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Sediment traps and echo sounder profiles collected between 1984 and 1987 were used to determine the rate and style of sediment infilling of a fjord basin with a temperate tidewater glacier at its head. McBride Glacier retreated rapidly (0.25 km/yr, 1984–1986; 0.05 km/yr, 1986–1987) enlarging a 90- to 100-m-deep basin adjacent to the terminus. Highly turbid meltwater is discharged subglacially at the base of the water column and rises to the surface forming turbid overflow plumes. Sedimentation rates from suspension settling decrease exponentially with distance from the subglacial stream; from 24 g/cm2/day at the terminus to less than 1 g/cm2/day, 1.3 km away.

The total annual volume of sediment deposition within the ice-proximal basin of McBride Inlet was 3.6 × 106 m3 between 1984 and 1985, 3.0 × 106 m3 between 1985 and 1986, and 1.7 × 106 m3 between 1986 and 1987. This sediment is contributed by suspension deposition from meltwater plumes, bedload transported by the subglacial stream, direct meltout of glacial debris, ice rafting, and side-entry sources. Rapid glacier flow and large amounts of meltwater and precipitation, a result of the temperate climate, enhance the production and delivery of sediment to the fjord.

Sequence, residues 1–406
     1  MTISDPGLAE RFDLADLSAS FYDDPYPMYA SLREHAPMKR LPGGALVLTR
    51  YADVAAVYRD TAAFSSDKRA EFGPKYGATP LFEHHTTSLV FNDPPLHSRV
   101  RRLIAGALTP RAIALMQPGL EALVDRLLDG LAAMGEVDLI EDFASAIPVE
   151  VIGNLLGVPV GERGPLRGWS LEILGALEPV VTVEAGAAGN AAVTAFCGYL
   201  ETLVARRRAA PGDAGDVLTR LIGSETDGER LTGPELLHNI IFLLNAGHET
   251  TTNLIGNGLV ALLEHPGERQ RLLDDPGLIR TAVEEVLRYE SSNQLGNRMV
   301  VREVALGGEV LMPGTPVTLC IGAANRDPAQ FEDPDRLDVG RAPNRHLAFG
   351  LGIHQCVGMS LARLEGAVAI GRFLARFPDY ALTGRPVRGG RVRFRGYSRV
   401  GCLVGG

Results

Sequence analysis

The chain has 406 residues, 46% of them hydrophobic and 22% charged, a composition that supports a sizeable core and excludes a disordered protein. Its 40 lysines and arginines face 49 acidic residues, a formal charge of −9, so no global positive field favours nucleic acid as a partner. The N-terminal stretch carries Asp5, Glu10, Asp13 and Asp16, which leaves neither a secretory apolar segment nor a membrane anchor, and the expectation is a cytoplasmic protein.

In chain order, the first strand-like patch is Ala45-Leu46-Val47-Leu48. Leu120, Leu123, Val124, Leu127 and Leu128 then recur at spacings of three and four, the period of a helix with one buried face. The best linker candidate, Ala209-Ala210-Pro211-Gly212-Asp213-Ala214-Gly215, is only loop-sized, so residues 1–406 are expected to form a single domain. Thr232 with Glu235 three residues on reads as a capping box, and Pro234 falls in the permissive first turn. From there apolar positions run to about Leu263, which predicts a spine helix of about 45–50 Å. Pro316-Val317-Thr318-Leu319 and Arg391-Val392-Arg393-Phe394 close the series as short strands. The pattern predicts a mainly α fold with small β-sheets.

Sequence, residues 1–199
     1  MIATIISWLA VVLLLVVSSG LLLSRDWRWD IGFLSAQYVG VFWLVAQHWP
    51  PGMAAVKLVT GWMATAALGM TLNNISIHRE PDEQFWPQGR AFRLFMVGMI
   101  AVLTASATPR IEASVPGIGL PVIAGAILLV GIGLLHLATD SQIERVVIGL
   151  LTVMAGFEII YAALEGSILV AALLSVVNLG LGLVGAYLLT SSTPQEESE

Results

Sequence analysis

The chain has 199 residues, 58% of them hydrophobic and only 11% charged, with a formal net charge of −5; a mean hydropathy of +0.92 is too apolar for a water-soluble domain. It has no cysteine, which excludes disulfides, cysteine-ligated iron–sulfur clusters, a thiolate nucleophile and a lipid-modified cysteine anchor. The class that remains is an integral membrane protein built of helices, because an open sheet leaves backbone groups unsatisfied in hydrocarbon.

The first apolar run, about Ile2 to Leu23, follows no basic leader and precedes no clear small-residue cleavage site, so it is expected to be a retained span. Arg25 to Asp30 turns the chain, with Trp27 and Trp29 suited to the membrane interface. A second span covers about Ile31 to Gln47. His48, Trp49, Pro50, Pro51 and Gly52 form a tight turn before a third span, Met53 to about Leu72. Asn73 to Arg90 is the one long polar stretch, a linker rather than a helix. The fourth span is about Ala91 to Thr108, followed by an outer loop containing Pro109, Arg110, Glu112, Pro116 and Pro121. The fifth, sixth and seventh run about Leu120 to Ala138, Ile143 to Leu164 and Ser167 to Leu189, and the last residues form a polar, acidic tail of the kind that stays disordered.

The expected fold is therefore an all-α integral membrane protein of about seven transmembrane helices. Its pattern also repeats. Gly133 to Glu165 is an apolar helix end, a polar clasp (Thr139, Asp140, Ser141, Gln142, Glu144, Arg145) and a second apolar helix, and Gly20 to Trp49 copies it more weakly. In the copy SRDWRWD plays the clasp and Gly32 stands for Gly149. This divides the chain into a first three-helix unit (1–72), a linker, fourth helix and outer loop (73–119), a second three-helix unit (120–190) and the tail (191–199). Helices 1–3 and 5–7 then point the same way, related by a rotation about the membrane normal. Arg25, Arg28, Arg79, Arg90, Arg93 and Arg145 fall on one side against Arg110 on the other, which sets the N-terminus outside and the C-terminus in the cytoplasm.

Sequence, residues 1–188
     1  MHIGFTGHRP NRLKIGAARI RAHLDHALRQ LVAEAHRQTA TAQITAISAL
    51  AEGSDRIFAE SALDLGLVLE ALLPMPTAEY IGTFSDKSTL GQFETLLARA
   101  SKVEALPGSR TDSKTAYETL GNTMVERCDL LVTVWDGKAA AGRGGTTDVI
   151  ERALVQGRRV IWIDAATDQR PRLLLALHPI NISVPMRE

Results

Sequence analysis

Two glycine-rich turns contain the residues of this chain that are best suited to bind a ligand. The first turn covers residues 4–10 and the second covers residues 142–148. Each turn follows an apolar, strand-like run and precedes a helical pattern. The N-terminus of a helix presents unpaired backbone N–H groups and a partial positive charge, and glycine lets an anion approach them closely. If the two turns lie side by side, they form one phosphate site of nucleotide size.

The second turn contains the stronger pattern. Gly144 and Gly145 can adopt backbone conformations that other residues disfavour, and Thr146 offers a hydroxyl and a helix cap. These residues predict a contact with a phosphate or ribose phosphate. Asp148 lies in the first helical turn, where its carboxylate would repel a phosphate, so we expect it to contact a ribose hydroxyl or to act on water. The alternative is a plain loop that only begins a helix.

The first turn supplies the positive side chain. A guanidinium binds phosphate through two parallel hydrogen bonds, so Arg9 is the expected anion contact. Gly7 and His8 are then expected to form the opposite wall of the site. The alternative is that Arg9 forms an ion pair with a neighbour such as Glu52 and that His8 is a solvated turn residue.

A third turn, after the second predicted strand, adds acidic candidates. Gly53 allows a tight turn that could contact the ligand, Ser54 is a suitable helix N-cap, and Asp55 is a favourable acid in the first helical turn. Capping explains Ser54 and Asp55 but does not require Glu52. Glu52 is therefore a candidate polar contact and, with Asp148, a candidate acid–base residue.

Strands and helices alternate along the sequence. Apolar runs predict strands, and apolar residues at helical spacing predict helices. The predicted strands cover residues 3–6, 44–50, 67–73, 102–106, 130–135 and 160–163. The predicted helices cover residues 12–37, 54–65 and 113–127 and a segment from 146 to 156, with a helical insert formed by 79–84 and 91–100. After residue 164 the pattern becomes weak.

In McBride Inlet, meltwater discharge is the main ice-proximal sediment source. During 1984–1986, 67 percent of the total volume was deposited by suspension settling alone. Sediment infills the irregular bathymetry of the predepositional basin, producing a smooth, flat basin floor. Within this basin, sediment accumulation rates are as high as 13 m/yr, 300 m from the glacier.

Major sediment sources are episodic, including sediment gravity flows, and daily and seasonal variations occur in meltwater discharge. Within temperate fjords a thick sequence of glacial marine sediment rapidly accumulates, filling proximal basins with interlaminated sand/silt and mud.

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